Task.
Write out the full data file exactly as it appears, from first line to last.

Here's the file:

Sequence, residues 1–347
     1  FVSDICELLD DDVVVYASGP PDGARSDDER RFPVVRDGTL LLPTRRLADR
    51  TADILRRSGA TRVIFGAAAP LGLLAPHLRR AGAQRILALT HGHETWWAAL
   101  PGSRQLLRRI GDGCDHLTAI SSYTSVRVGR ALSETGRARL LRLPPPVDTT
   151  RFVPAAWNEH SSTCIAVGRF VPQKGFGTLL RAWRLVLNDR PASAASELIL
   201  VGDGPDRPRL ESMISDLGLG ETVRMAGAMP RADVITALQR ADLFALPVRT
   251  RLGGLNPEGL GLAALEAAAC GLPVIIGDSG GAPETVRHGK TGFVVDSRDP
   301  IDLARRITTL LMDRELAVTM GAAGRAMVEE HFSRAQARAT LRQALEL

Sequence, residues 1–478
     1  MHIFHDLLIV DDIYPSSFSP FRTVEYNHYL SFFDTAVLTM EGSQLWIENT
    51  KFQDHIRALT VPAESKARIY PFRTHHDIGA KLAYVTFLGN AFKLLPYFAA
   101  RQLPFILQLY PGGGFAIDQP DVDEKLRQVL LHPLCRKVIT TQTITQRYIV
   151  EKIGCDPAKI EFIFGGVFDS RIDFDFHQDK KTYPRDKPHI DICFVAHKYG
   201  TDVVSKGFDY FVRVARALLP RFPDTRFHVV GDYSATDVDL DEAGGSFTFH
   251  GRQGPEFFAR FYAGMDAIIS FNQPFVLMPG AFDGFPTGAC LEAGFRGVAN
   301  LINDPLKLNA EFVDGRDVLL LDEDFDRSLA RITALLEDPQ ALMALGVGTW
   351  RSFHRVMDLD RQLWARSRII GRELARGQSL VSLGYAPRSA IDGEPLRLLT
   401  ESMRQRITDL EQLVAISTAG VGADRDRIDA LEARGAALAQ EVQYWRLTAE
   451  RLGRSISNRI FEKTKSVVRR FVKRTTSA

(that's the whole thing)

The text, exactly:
Sequence, residues 1–347
     1  FVSDICELLD DDVVVYASGP PDGARSDDER RFPVVRDGTL LLPTRRLADR
    51  TADILRRSGA TRVIFGAAAP LGLLAPHLRR AGAQRILALT HGHETWWAAL
   101  PGSRQLLRRI GDGCDHLTAI SSYTSVRVGR ALSETGRARL LRLPPPVDTT
   151  RFVPAAWNEH SSTCIAVGRF VPQKGFGTLL RAWRLVLNDR PASAASELIL
   201  VGDGPDRPRL ESMISDLGLG ETVRMAGAMP RADVITALQR ADLFALPVRT
   251  RLGGLNPEGL GLAALEAAAC GLPVIIGDSG GAPETVRHGK TGFVVDSRDP
   301  IDLARRITTL LMDRELAVTM GAAGRAMVEE HFSRAQARAT LRQALEL

Sequence, residues 1–478
     1  MHIFHDLLIV DDIYPSSFSP FRTVEYNHYL SFFDTAVLTM EGSQLWIENT
    51  KFQDHIRALT VPAESKARIY PFRTHHDIGA KLAYVTFLGN AFKLLPYFAA
   101  RQLPFILQLY PGGGFAIDQP DVDEKLRQVL LHPLCRKVIT TQTITQRYIV
   151  EKIGCDPAKI EFIFGGVFDS RIDFDFHQDK KTYPRDKPHI DICFVAHKYG
   201  TDVVSKGFDY FVRVARALLP RFPDTRFHVV GDYSATDVDL DEAGGSFTFH
   251  GRQGPEFFAR FYAGMDAIIS FNQPFVLMPG AFDGFPTGAC LEAGFRGVAN
   301  LINDPLKLNA EFVDGRDVLL LDEDFDRSLA RITALLEDPQ ALMALGVGTW
   351  RSFHRVMDLD RQLWARSRII GRELARGQSL VSLGYAPRSA IDGEPLRLLT
   401  ESMRQRITDL EQLVAISTAG VGADRDRIDA LEARGAALAQ EVQYWRLTAE
   451  RLGRSISNRI FEKTKSVVRR FVKRTTSA